Dairy fire

Fire trucks pump water into the hay storage barn at Sar-Ben Dairy near St. Paul, Ore.

ST. PAUL, Ore. — A large hay fire that ignited Oct. 6 at an organic dairy in Oregon was likely caused by spontaneous combustion, according to officials.

The blaze was reported at 10:22 a.m. at Sar-Ben Farms in St. Paul, about 20 miles north of Salem in the Willamette Valley.

Crews from five local fire departments assisted on scene, and smoke was visible for several miles. No people or cows were injured.

Steve Pierson, who owns the dairy with his wife, Susan, said the fire started inside a metal-roofed barn where they were storing about 800 tons of mostly alfalfa for winter feed. Sar-Ben Farms milks 290 cows, and is a member of the Organic Valley co-op.

Spontaneous combustion is not uncommon in hay bales, especially if the hay is wet. Because hay insulates, the internal temperatures can rise above 130 degrees. The moisture then causes a chemical reaction, producing flammable gas.

The hay was valued at about $280 per ton, or $224,000 total. What didn’t burn is now so wet that Pierson said it could begin to mold quickly, making it unsuitable for feeding his cows.

Buying more hay is not only costly, Pierson said, but because it must be organic, it may be more difficult to find.

“There are way more conventional growers than organic growers,” Pierson said. “It’s just a major inconvenience at this point.”

Pierson praised the quick response by firefighters, who were able to save the barn and other nearby structures.

“That was a huge deal for us,” he said. “We should all be proud of the volunteer fire departments we have in our rural areas.”

Mark Daniel, a firefighter and spokesman for the St. Paul Fire District, said hay fires can be challenging because the bales are so tightly compressed, making for a lot highly flammable material.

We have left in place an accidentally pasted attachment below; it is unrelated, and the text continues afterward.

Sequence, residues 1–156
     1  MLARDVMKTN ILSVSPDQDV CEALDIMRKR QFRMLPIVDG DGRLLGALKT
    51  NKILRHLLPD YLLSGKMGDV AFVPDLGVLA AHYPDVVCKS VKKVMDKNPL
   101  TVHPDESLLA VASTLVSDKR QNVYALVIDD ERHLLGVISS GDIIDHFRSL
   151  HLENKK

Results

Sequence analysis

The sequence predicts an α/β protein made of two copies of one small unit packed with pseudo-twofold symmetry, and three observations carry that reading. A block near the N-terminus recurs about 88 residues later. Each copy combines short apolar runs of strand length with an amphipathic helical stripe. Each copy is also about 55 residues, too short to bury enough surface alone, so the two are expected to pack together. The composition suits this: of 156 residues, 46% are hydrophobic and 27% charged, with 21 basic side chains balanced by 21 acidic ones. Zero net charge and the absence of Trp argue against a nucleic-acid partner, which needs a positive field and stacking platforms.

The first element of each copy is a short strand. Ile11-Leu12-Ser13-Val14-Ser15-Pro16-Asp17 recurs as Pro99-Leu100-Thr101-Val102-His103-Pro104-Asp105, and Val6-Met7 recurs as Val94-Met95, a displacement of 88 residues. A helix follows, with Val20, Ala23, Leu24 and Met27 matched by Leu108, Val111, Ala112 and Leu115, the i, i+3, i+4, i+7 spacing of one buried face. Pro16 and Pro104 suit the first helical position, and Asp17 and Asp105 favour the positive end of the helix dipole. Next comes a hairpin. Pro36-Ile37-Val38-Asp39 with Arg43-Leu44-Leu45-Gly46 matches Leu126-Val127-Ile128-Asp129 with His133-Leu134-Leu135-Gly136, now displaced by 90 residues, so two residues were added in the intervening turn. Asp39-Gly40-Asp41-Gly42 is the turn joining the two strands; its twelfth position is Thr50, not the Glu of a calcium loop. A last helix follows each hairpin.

The St. Paul Fire District was assisted on scene by the Aurora Fire District, Tualatin Valley Fire & Rescue, Woodburn Fire District and Dundee Fire Department. Daniel said the farm also removed burning hay from the barn and left it to smolder in a field, away from buildings and property.

“They have irrigation on it right now,” Daniel said. “It will eventually go out.”

Pierson said he is not certain how moisture got into the hay bales that led to spontaneous combustion. A fifth-generation dairy, Sar-Ben Farms went organic in 2005 and sells milk to Organic Valley to make butter at a creamery in McMinnville.

Pierson said he has been amazed by the outpouring of support from his neighbors, some of whom have offered feed to help the family get by in the short term.

“It’s really cool to see that, when something like this happens, people are willing to step up,” Pierson said. “We appreciate it more than we can possibly verbalize.”

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